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Tax Tip

Principal Private Residence Relief

When an individual disposes of a dwelling house, which some time during his period of ownership has been his main or only residence, then part or all of the gain will be exempt from capital gain.

Ownership of the property that could have been used as a home  is insufficient. It is necessary to reside in the home.

If a taxpayer has more than one residence, he may elect in writing to treat one of them as his main residence  for CGT.

Where a married couple are living together, there can be only one sole or main residence and they must together elect which it will be.

The election is entirely at the taxpayer’s discretion, and does not depend on which residence in fact is used as the taxpayer’s main residence.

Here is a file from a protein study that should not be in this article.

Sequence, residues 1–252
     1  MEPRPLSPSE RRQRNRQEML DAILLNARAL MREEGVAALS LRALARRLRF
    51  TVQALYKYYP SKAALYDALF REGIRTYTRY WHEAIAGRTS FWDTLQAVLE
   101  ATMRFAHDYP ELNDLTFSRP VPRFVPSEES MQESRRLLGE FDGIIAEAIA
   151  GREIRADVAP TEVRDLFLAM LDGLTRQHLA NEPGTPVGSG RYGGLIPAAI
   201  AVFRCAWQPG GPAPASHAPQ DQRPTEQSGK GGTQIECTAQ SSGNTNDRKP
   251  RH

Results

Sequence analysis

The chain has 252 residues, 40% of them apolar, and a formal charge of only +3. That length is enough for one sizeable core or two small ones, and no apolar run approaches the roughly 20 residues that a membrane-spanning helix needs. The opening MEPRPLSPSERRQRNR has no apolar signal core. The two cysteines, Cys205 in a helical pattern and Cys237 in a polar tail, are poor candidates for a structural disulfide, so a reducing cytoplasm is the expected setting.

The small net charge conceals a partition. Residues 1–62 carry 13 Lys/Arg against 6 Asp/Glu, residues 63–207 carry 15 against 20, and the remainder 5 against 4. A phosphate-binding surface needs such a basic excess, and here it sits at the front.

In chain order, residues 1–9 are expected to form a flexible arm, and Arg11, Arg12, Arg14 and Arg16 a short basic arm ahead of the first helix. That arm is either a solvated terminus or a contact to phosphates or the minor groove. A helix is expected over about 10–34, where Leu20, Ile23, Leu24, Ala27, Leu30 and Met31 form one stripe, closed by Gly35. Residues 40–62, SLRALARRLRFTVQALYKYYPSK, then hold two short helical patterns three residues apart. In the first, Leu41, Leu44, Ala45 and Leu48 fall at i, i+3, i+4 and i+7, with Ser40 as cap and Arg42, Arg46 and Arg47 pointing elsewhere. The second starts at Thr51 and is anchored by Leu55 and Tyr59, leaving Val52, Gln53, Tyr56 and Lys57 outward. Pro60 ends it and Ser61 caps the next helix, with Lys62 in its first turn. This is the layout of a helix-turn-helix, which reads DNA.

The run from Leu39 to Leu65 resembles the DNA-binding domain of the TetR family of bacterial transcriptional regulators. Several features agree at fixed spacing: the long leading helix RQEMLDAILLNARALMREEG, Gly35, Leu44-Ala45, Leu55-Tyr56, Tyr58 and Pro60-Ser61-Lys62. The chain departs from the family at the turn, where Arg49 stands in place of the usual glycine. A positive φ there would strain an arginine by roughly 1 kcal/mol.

The last three years of the period of ownership qualify for relief regardless of whether the property was the individual’s only or main residence during those three years.

Where a dwelling house has been occupied throughout only part of the period of ownership or main residence only a part of the gain is exempt.

Grounds or garden up to half a hectare will qualify for relief. The size and character of the house determine the extent to which any excess grounds are allowable.

The exemption applies only for the purposes of capital gains tax, not inheritance tax.

This is a complex area of taxation and if you have more than one property that you use as a residence then you may need to plan ahead to avoid any significant Capital Gains Tax.

Please call us if you would like to know more about this area of Tax Planning.

 

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